George McCall Theal

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George McCall Theal (11 April 1837 Saint John, New Brunswick - 17 April 1919 Wynberg, Cape Town), was the most prolific and influential South African historian, archivist and genealogist of the late nineteenth and early twentieth century.

Life history[edit]

George McCall Theal

The son of Canadian physician, William Young Theal, who wanted him to become an Episcopalian minister, Theal left home early, sailing with his uncle, Captain Francis Peabody Leavitt, and lived briefly in the United States and Sierra Leone before emigrating to South Africa. There he became a teacher but soon moved to journalism, publishing, and an unsuccessful stint as an amateur diamond miner, all in South African frontier communities. His career as a historian began with the publication of his Compendium of South African History and Geography in 1873 following his return to teaching.

Theal spent five years at the Lovedale Seminary outside Alice in the Eastern Cape, working amongst missionaries and Africans. Lovedale was an important institution in the early 1870s, being a non-sectarian and non-denominational theological seminary and Christian school, founded by Presbyterian missionaries in 1841. Lovedale's principal, Dr. James Stewart, attached great importance to the teaching of printing and bookbinding. In 1872 Stewart needed someone who could teach and manage the printing works – Theal was the man. He had taught first at an elementary school in Knysna and from 1867 at a public school in King William's Town, later to become Dale College. He had also been editor of three minor British Kaffrarian newspapers between 1862 and 1865, and later worked for the Kaffrarian Watchman in King William's Town, where he printed his first contribution South Africa As It Is in 1871. From King William's Town he had travelled to Du Toit's Pan, then seen as the richest diamond mine in the world, and was present when Britain raised the Union Jack over the area. Theal wrote some articles for the "Diamond News" and called the takeover "a most disastrous change". Having failed to make his fortune on the diamond fields, he returned to the Eastern Cape. Theal was a religious man, and thus believed that it was the civilised white man's duty to rescue the black man from ignorance and barbarism (in common with others of that period, he saw it in racial terms as well) This made him ready to accept the Lovedale post.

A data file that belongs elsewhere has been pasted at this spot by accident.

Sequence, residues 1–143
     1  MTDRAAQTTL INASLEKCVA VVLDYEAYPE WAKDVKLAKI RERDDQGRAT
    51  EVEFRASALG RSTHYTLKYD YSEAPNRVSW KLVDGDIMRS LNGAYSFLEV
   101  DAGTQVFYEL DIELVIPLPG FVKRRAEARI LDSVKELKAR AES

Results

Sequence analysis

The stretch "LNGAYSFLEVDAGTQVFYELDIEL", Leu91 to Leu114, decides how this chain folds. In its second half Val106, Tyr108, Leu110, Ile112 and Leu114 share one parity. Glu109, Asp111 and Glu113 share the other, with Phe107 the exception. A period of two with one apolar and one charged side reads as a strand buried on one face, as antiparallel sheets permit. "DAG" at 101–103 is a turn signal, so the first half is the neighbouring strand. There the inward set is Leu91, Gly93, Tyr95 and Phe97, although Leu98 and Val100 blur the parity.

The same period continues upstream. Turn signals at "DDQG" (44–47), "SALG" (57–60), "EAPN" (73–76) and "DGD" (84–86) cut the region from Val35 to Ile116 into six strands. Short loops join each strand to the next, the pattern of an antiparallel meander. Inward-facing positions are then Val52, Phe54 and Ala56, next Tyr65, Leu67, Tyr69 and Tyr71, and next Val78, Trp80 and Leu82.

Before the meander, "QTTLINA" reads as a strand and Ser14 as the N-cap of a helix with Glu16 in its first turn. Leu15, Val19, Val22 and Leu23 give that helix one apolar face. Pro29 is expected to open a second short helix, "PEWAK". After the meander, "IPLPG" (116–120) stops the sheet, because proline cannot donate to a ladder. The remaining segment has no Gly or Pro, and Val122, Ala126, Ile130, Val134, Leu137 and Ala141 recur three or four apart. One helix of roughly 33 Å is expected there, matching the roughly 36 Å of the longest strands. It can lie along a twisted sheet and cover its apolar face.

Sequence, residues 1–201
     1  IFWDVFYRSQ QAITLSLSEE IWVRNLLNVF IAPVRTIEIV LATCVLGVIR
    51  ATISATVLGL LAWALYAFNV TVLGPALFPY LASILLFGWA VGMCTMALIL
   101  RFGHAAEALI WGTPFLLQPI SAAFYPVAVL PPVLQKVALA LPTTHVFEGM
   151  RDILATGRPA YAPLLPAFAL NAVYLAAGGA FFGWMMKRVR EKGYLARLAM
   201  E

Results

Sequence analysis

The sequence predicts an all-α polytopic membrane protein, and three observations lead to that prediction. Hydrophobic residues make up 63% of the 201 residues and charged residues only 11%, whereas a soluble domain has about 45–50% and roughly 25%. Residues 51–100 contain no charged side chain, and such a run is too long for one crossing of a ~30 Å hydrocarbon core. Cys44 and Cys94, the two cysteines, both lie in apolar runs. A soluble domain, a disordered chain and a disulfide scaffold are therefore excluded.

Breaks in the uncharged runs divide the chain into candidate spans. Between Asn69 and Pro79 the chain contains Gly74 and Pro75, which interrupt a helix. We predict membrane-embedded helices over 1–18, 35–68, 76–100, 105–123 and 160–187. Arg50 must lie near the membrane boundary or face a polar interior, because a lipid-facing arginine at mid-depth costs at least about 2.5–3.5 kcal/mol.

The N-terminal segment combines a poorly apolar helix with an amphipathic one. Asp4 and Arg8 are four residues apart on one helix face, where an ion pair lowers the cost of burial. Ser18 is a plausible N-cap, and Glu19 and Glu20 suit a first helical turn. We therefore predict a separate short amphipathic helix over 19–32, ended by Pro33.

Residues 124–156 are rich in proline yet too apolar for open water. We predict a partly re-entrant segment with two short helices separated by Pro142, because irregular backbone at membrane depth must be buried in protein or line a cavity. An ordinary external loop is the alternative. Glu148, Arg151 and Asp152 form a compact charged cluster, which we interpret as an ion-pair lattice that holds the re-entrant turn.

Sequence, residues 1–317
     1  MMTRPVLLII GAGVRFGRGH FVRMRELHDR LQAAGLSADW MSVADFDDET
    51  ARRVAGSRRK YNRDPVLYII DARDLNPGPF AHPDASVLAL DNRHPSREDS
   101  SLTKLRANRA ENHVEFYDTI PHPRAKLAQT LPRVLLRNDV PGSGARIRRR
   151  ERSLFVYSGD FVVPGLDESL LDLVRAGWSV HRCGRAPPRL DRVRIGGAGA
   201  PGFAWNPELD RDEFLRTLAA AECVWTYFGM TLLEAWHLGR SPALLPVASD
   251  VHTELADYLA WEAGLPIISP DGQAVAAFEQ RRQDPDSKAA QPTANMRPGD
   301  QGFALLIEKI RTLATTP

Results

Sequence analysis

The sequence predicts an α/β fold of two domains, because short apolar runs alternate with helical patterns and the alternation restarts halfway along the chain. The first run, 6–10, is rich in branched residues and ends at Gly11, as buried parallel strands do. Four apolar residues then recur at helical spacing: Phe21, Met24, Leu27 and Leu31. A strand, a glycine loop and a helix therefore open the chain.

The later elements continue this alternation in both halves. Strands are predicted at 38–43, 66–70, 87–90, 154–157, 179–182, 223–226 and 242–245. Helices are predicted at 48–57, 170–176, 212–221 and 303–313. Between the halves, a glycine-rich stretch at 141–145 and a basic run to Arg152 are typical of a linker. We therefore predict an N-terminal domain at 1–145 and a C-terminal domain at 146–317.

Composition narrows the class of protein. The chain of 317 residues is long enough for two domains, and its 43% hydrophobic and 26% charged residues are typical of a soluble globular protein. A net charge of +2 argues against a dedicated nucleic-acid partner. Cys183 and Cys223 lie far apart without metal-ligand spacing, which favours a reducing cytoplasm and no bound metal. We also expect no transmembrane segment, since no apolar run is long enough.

While living in King William's Town, he had read everything available on the history of South Africa and had started on an outline of his own rendition which was a synthesis of all he had read.

By 1875 at Lovedale he was teaching history, geography, English grammar and history of the Bible, and also being in charge of the printing department. He was responsible for the monthly publication of the Kaffir Express (later the Christian Express) and for the Xhosa version. The press published mainly religious and educational works. Between 1879 and 1882 Theal wrote a large number of articles for various periodicals on South African history. His knowledge of the Bantu was so extensive that in 1877 he was requested by Sir Bartle Frere to persuade some belligerent Bantu chiefs to moderate their attitude. Theal's success in this role led to his being offered a post in the Treasury. He accepted this position, aware that he would then have access to the State archives which were housed in the Surveyor-General's office.

Publications[edit]

  • South Africa As It Is (pamphlet, 1871 King William's Town)
  • Compendium of South African History and Geography (2 vols. 1873, Lovedale)
  • Kaffir Folk-Lore (1882, London)
  • Chronicles of Cape Commanders (1882, Cape Town)
  • Basutoland Records (3 vols. 1883 Cape Town)
  • Boers and Bantu (1886)
  • A Fragment of Basuto History (1886)
  • The Republic of Natal (1886)
  • History of the Boers in South Africa (1887)
  • History of South Africa (5 vols. 1889-1900)
  • Geslacht-register der Oude Kaapsche Familien with C.C. de Villiers (3 vols. 1893-94)
  • The Portuguese in South Africa (1896)
  • Belangrijke Historische Documenten (3 vols. 1896-1911, Cape Town)
  • Large number of documentary publications (1897-1905, London)
  • Records of the Cape Colony (36 vols.)
  • Records of South-Eastern Africa (9 vols. 1898-1903)
  • History and Ethnography of Africa south of the Zambesi (1907-10)
  • The Yellow- and Dark-skinned People of Africa south of the Zambesi (1910)
  • Willem Adriaan van der Stel and other Historical Sketches (1912)
  • Documents relating to the Kaffir War of 1835 (1912)
  • Catalogue of Books and Pamphlets relating to Africa south of the Zambesi in the Collection of George McCall Theal (1912)
  • South Africa - Story of the Nations Series (1917, first edition in 1894)
  • Ethnography and Condition of South Africa before AD 1505 (1st of 11 vols. 1919)
  • History of South Africa from 1873 to 1884: Twelve eventful Years (vols. 10 & 11, 1919)

External links[edit]